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Ray's puts real effort into its steaks and seafood

Ray's Prime Steak & Seafood

3206 Winthrop Ave.

Fort Worth


Hours: 4-10 p.m. Monday-Saturday; closed Sunday.

Signature dish: New York Forestiera, bouillabaisse, Atlantic salmon.

Entree cost: $15-$35

Essentials: Major credit cards; full bar; wine list; smoke-free; wheelchair-accessible.

Good to know: Evening hours only.

Recommended for: Steak/fish lovers; west-siders who don't think there's a decent steakhouse in their area.

Posted 2:47pm on Thursday, Aug. 26, 2010

The opening of Ray's Prime Steak & Seafood in July on the west side of Fort Worth in the spot once occupied by Aventino's Ristorante was low-key but nonetheless newsworthy: The kitchen is manned by noted chef Pedro Castrejon, formerly of the Rosewood Mansion on Turtle Creek in Dallas, Ferré, the Mercury Chophouse and, most recently, Belmont Hotel hot spot Smoke in Oak Cliff.

Local diners should already know who "Ray" is: longtime North Texas restaurateur Raif "Ray" Jumeri. As the owner of the nearby Fortuna Italian Restaurant, Jumeri has been a part of Camp Bowie's restaurant scene for nearly a decade.

Ray's menu has some traces of Italian, but the focus is on quality steak and fresh seafood. Jumeri -- whose experience in fine dining is rooted in his ownership of La Bistro in Hurst and the Cafe Portobello restaurants in Coppell and Colleyville -- says the beef is certified Angus, and the fish is brought in from various corners of the globe: tuna from Hawaii, salmon from Scotland, lobster from South Africa.

The menu also includes Dover sole (market price), deboned tableside; bouillabaisse ($35), a saffron tomato broth-based seafood stew; and a 20-ounce, center-cut tenderloin Chateaubriand for two ($52). With dishes such as these, along with a full bar with more than a dozen wines by the bottle and glass, Ray's is on the same playing field as the downtown and West Seventh Street steakhouses.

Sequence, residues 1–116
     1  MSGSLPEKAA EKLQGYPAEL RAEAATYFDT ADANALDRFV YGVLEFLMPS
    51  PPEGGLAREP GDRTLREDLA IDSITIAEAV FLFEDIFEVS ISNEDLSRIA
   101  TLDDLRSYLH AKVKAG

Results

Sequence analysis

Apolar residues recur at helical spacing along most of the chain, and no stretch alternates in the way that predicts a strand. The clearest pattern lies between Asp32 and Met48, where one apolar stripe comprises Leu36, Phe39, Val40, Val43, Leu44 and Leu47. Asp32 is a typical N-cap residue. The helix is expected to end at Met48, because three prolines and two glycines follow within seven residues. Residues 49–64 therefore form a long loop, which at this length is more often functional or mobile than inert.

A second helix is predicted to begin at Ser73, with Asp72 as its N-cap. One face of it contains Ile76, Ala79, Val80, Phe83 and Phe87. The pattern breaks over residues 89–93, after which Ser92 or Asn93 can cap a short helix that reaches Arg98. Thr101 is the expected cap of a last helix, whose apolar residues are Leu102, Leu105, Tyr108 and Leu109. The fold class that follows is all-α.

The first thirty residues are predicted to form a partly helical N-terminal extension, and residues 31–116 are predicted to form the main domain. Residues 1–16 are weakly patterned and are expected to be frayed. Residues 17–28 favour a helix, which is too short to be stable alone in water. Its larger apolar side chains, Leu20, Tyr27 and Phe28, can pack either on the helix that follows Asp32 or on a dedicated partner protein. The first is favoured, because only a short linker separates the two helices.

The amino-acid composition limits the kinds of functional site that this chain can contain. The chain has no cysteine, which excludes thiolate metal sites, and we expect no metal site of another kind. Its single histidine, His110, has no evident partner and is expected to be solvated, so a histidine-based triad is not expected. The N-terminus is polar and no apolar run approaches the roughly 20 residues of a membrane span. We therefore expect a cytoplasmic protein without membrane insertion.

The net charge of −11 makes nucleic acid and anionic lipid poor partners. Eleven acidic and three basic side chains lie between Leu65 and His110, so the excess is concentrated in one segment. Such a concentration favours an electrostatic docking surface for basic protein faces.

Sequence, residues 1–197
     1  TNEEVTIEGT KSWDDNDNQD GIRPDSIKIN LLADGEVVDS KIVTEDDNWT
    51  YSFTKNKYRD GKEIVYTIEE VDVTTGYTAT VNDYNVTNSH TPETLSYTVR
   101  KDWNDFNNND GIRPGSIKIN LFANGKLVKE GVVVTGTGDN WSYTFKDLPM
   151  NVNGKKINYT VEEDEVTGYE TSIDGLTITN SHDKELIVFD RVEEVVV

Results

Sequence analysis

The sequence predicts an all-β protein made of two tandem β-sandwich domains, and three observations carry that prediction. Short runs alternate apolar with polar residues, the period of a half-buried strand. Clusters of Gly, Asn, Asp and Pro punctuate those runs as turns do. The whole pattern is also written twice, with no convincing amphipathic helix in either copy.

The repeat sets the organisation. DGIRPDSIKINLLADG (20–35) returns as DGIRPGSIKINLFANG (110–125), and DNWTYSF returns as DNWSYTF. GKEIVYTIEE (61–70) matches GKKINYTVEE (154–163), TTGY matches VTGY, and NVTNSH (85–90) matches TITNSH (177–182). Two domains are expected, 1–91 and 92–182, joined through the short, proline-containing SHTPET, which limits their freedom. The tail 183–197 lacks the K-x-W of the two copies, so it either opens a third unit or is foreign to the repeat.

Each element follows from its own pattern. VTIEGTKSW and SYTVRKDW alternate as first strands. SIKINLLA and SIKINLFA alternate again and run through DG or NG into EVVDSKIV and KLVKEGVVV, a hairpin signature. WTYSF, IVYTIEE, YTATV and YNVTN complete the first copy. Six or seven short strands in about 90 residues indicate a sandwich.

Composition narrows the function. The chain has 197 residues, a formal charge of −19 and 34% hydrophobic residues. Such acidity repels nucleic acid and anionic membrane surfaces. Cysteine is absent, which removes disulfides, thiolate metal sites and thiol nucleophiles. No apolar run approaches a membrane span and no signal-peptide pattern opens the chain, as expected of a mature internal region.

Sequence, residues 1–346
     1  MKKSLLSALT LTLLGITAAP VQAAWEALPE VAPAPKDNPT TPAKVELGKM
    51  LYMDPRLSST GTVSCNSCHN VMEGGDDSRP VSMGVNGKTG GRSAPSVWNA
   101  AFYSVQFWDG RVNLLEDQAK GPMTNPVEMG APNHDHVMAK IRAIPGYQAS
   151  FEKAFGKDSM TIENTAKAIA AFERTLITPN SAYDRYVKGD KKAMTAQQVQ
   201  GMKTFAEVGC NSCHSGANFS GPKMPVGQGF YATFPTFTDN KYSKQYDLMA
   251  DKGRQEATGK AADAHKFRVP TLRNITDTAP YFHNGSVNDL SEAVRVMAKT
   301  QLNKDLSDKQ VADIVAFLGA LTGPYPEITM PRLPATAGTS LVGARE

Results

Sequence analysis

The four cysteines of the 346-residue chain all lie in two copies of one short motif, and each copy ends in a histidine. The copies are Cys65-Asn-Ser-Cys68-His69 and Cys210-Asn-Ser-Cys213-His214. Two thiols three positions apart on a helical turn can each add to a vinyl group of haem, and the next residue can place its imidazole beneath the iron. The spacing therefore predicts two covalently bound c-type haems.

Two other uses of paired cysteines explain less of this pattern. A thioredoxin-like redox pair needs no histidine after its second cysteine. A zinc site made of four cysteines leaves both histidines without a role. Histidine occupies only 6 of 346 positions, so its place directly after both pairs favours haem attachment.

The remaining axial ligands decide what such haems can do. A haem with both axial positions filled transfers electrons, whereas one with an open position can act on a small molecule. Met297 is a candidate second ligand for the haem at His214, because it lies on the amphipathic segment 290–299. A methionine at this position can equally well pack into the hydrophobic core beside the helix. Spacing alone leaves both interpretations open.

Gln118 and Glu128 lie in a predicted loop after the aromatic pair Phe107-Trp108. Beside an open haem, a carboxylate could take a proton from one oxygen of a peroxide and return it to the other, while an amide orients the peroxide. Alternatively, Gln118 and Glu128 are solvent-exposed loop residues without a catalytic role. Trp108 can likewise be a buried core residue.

While the menus of Ray's and Fortuna are different, the ambience is similar. Jumeri has pieced together his own vision of fine dining that bucks flash and trends in favor of exuding sincerity. Ray's looks frills-free, with a sparsely decorated, open dining room adorned with tablecloths, a handful of paintings and partial stone walls.

Service is personable and efficient; Jumeri can often be seen delivering slices of sourdough bread and chatting with patrons.

Whatever pizazz the dining room shuns can be found on plate. Such was the case with the portobello mushroom appetizer ($7). A grilled, plump portobello came filled with tender, flavorful crab meat and roasted bell peppers. Two sauces turned a good dish into a great one -- a bright swirl of basil pesto, juxtaposed with a robust balsamic reduction.

The chopped salad ($6) was full of nice surprises. First, the presentation: Two lettuce wedges were arranged to resemble an open clam shell, with the bottom wedge holding chopped lettuce, ripe yellow and red tomatoes, red onions, real bacon and house-made blue cheese dressing. On top was a small pile of lightly seasoned onion strings, which infused a bit of heat into this cool salad.

Ray's star attraction is the steaks, a selection that includes three treatments of filet mignon. Our choice, the New York Forestiera ($30), was excellent. Cooked precisely to our order of medium rare, the 14-ounce New York strip came outlined in a blackened crust that shielded a warm, red center. Typically, the word "Forestiera" implies the presence of mushrooms, but instead, Castrejon intentionally used roasted bell peppers -- in an homage to a recently deceased chef who prepared the dish the same way. A Barolo red wine demi-glace and row of bite-size cipollini onions added to the dish's complexity and also counterbalanced the meat's peppery seasoning. One hitch: A side of garlic-rosemary mashed potatoes was cold.

Our seafood choices were as good as the steak. Atlantic salmon ($17) was grilled yet moist, an 8-ounce rectangle that came in a tomato-based, chardonnay stew with artichoke hearts, capers, kalamata olives and sliced purple potatoes, a colorful touch.

Sea scallops ($22) were dessert-decadent. Four large, succulent scallops sat atop a bed of plush and flavorful corn risotto -- rich on rich. On the side, a drizzle of citrus butter garlic emulsion emphasized the garlic, creating a bit of weight to temper the richness of the scallops and risotto.

The real dessert came in the form of the house-made vanilla bean creme brulee ($7). Its hardened, caramelized roof gave way to rich custard flecked with vanilla bean -- a simple, subtle ending to a dinner that otherwise was anything but.

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